Alberta Inventory for the Northern Leopard Frog 2000/2001


Kris Kendell


The northern leopard frog (Rana pipiens) was once a widespread species found throughout much of southern and centeal Alberta. In the late 1970s, the leopard frog exhibited a dramatic decline in distribution and numbers throughout much of its historic range in Alberta. Today, the leopard frog is designated as "Threatened" under Alberta's Wildlife Act. The Committee on the Status of Endangered Wildlife in Canada (COSEWIC) lists the prairie population of Rana pipiens as "Special Concern" (COSEWIC 2001). 

Since 1990, no province-wide survey has been conducted to assess disctribution and status of extant populations of the leopard frog in Alberta. A two-year inventory project was initiated in 2000 and completed in 2001 to collect information on the current status of the leopard frog in the province and to determine possible changes in population numbers and distribution. In total, 297 leopard frog sites were compiled for investigation These sites were obtained from record information held in the Alberta Fish and Wildlife Division, Biodiversity Species Observation Database (BSOD). 

To help increase the efficiency and maximize survey efforts for leopard frogs, a survey protocol was drafted in the spring of 2000 and subsequently revised in 2002. The protocol recommended the use of call surveys and an area search technique (visual encounter survey) as the primary survey method for leopard frogs. However, call surveys were employed on a very limited baseis in the spring because of time constraints and were subsequently abandoned for more efficient visual encounter surveys later in the summer. Surveys were conducted in potentially suitable frog habitat to maximize the chance of observation and targeted in the late summer to correspond with the emergence of young-of-the-year frogs. The late summer surveys also provided an added benefit of identifying waterbodies used for breeding and determining the successful development eggs and metamorphosis of tadpoles. 

In total, 269 sites were investigated for the northern leopard frog in 2000 and 2001 and frogs were found at 54 of these sites. The majority of the leopard frog observations were associated with major river drainages including the lower Red Deer River, the Oldman River, the South Saskatchewan River, lower Bow River and the Milk River. Leopard frogs were also observed in the Cypress Hills region, Willow Creek drainage (west of Stavely) and in the extreme northeast region of Alberta.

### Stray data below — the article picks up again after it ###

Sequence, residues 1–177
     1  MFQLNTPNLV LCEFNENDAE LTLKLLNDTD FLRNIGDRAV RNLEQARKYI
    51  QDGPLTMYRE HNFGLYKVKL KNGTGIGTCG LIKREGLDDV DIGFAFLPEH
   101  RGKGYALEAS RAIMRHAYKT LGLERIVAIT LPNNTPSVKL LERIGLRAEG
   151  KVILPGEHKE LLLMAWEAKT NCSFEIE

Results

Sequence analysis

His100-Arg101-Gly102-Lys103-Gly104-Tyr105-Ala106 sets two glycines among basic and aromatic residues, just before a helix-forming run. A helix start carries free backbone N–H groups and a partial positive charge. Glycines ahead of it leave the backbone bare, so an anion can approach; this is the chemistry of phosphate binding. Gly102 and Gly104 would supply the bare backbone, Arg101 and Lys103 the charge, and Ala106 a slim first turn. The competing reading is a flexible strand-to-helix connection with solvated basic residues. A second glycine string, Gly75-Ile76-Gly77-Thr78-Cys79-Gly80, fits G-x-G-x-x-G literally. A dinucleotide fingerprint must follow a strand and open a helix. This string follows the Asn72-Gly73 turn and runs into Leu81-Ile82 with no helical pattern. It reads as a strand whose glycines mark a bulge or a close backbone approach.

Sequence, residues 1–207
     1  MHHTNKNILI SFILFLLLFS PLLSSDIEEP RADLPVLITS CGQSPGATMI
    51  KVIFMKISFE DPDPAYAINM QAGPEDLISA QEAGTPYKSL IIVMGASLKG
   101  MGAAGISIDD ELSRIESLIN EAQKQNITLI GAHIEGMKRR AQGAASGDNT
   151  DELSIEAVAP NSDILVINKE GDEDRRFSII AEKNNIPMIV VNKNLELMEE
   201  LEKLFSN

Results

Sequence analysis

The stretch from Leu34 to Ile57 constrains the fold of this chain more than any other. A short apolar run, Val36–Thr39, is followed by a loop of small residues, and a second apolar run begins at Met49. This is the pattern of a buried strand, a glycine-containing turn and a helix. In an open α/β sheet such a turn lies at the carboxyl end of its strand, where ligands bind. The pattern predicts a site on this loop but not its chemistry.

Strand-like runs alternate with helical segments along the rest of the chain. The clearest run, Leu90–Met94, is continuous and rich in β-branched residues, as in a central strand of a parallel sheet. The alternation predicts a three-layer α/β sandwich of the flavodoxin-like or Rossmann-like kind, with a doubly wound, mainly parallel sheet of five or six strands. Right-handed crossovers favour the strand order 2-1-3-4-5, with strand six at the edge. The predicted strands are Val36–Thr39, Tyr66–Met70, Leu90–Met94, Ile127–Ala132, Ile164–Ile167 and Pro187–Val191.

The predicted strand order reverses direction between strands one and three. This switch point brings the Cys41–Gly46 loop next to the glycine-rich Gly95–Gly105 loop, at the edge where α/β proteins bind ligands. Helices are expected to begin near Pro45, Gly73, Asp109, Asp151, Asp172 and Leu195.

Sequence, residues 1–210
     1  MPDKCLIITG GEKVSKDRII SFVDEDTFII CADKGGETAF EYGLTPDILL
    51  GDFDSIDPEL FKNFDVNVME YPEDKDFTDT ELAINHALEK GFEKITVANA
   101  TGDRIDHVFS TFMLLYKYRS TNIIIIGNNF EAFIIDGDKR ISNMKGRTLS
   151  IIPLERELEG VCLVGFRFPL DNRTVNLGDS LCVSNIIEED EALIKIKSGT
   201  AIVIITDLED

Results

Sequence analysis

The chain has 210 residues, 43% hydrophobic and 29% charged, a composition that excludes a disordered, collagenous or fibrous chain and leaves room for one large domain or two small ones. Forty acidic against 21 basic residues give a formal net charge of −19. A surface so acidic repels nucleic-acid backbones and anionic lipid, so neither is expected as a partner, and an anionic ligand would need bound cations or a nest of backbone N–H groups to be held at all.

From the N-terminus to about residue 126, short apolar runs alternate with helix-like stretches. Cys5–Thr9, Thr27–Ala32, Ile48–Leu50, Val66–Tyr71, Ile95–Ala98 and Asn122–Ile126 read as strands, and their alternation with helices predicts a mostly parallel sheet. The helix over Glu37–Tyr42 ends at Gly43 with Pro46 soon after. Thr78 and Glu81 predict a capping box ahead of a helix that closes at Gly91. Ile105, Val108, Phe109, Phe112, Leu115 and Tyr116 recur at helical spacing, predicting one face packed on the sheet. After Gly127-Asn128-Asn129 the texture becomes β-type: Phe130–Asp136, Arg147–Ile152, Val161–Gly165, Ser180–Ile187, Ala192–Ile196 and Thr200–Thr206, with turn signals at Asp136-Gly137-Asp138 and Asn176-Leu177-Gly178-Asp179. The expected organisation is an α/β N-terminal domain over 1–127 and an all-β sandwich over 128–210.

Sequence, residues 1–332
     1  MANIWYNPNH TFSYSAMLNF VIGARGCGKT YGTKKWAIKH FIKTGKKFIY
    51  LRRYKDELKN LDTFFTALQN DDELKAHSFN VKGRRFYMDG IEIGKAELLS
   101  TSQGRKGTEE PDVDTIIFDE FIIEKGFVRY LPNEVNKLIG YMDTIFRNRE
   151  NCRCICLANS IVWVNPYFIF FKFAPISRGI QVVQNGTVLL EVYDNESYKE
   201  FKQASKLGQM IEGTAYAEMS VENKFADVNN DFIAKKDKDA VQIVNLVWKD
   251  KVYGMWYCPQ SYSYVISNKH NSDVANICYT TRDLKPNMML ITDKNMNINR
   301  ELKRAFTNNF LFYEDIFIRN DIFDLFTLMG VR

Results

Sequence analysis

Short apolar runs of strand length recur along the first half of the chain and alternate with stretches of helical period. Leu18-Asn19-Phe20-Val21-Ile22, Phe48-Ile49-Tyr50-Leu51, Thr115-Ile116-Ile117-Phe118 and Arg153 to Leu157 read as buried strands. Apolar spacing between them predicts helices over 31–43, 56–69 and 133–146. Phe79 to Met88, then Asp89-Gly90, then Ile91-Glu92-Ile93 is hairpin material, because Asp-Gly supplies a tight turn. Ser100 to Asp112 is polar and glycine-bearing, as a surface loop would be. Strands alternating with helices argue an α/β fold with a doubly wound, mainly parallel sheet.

Presence data at surveyed sites in 2000-2001 was compared to survey results from a provincial leopard from a provincial leopard frog inventory conducted by Sweet Grass Consultants Ltd. in 1990 (Wershler 1991). Results in 2000-2001 indicate that the northern leopard frog has experienced additional local extirpations over the last decade from four occupied sites that were surveyed in 1990. Findings from the 2000-2001 inventory also suggest that the species has not re-colonized formerly occupied parts of its range since its dramatic decline in the 1970s. In addition, many of the existing leopard frog sites ramina fragmented and isolated. This, in-conjunction with the low recolonization potential of the leopard frog, may result in further local loss of populations if these sites experience disease, disturbance or catastrophic events such as winter mortality caused by anoxic conditions or loss of breeding habitat over consecutive years because of drought. 

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